Eczema Causes: Is it Contagious?

Atopic eczema is a type of dermatitis characterized by red, swollen, cracked, and itchy skin that may form anywhere on the body including on face, on scalp, around eyes, and on hands and feet. According to the National Eczema Association, this condition affects over 31 million people in America.




This skin disorder typically starts developing in childhood and may become more severe over time. Although it’s unclear what causes atopic eczema, the condition is not contagious. You cannot catch the disease from someone who has it or spread it to other people. Here’s more information about this condition to help make managing the disease easier.

What Causes Eczema?

While researchers are not 100-percent sure what causes atopic eczema, it is believed the condition develops as the result of a combination of several factors:

    Is Eczema Contagious

  • Genetics – People who have one or more parents or siblings with eczema, a similar atopic disease, asthma, or seasonal allergies are more likely to develop eczema. It is thought that a gene mutation may cause the skin to react to internal or environmental elements in an abnormal way.
  • Immune system dysfunction – Eczema may be the result of an autoimmune disease. This is a condition where the body attacks itself, causing chronic inflammation and an assortment of unpleasant symptoms and side effects.
  • Environment – Although eczema is not caused by an allergy, it has been found that children who live in areas where pollution is high, in higher social classes, or in cold areas are more likely to develop eczema.
  • Mother’s age – Research indicates that children born to older women are more likely to have this skin disorder than children born to younger women. However, why this is the case is not well understood.
  • Very dry, irritable skin – This type of skin is unable to retain moisture, which may reduce its ability to act as a barrier against bacteria and other harmful organisms that may infect the skin and cause inflammation.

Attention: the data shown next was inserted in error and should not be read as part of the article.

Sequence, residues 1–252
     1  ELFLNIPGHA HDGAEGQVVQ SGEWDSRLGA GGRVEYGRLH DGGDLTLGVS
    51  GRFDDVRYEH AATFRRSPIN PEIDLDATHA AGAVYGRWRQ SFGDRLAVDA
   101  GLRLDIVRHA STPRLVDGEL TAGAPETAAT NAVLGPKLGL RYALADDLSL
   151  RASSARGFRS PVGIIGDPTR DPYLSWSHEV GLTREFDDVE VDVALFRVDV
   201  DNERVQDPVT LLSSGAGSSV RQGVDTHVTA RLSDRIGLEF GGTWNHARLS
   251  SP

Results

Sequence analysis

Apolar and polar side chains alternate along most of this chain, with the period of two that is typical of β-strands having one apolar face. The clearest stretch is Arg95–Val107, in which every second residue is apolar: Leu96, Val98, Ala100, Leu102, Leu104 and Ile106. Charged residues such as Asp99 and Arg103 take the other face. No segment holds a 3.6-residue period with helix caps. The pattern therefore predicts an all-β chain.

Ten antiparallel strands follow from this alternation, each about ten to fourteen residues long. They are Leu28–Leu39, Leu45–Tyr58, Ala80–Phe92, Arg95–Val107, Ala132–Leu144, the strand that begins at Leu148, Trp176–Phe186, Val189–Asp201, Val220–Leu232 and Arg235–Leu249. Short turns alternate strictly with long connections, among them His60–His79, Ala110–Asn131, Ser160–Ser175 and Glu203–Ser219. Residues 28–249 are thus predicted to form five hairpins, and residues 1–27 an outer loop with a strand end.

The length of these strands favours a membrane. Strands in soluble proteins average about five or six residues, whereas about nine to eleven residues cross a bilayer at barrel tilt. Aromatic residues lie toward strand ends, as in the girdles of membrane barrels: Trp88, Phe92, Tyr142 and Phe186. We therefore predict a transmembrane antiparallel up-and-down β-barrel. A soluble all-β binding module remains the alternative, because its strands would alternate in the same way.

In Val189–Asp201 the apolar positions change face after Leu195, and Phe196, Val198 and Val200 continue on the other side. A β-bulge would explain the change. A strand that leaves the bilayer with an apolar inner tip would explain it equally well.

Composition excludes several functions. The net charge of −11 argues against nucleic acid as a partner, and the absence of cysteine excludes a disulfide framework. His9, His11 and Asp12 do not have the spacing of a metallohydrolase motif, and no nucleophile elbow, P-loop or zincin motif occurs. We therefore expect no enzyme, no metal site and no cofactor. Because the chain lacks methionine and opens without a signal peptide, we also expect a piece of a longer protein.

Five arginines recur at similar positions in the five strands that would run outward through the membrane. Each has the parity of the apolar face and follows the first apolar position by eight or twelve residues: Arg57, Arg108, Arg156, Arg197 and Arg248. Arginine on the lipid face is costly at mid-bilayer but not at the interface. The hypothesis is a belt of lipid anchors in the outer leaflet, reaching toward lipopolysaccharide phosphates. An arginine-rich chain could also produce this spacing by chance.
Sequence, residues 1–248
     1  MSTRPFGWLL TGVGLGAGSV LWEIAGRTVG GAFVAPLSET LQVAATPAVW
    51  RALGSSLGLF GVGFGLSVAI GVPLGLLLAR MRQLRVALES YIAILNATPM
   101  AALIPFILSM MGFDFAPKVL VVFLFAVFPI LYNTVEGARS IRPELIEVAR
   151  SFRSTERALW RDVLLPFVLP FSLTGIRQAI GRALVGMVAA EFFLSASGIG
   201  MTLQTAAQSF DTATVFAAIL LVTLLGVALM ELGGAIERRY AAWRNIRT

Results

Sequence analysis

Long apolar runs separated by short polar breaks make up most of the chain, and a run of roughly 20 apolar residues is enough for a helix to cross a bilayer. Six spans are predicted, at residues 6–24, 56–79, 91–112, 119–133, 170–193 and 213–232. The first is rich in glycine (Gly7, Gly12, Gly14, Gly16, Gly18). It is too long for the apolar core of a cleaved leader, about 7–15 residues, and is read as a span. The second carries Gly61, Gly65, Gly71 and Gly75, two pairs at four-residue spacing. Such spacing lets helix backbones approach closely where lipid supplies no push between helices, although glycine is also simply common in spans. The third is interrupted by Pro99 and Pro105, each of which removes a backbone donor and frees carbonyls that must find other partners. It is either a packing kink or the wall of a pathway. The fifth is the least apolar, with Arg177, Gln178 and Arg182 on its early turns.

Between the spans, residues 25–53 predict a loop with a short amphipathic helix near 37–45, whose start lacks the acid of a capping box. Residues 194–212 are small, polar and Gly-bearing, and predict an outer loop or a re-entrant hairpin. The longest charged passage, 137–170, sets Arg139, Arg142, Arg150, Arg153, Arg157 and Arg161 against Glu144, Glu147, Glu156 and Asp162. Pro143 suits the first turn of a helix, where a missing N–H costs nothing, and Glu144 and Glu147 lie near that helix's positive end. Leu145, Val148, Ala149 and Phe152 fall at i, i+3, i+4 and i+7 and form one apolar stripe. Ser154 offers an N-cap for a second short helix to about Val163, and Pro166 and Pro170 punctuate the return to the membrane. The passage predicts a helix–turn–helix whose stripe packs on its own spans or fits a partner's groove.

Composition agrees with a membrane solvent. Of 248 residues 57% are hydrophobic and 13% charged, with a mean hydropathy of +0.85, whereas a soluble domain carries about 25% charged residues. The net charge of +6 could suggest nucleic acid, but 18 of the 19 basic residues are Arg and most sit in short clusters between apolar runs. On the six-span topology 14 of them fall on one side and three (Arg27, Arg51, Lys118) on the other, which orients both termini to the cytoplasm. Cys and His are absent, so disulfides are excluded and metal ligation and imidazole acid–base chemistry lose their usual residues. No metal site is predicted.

• Bacteria – Certain bacteria, such as Staphylococcus aureus, may form a film on the sweat glands that prevents them from functioning properly. The excess moisture that would normally be transferred to the skin’s surface by the sweat glands may instead be distributed underneath the skin and cause irritation.
  • Increase in skin sensitivity – Use of chemicals or participation in activities that increase the skin’s sensitivity may contribute to the onset of eczema.

As noted previously, eczema is not an allergic reaction to internal or external factors. However, people who have eczema also tend to have food allergies. In fact, between one-third and two-thirds of children and adults with eczema have food allergies. Dairy, nuts, and egg allergies are the most common. However, the allergy doesn’t necessarily cause or worsen eczema, though it may act as a trigger for symptoms. If you feel there is a connection between the eczema and a food allergy, talk to a healthcare provider before engaging in an elimination diet to ensure you can meet your nutritional needs.

What Causes Eczema in Babies?

Unfortunately, babies can also get eczema. It is believed their skin does not produce enough ceramides, which are fatty cells that help the skin form a barrier to keep in moisture and keep out microbes. Without this barrier, babies’ skin become excessively dry and may trigger eczema flare ups.




The major factor in why babies get eczema is heredity. Defects in the skin that cause it to become more susceptible to internal and environmental elements may also be a cause. Fortunately, babies are more likely to grow out of this skin disease by the time they reach school age.

Eczema Triggers

It’s important to differentiate between an eczema cause and an eczema trigger. An eczema cause is something that led to a person getting the disease in the first place. An eczema trigger is something that causes symptoms to flare up or worsen in a person that already has the disease.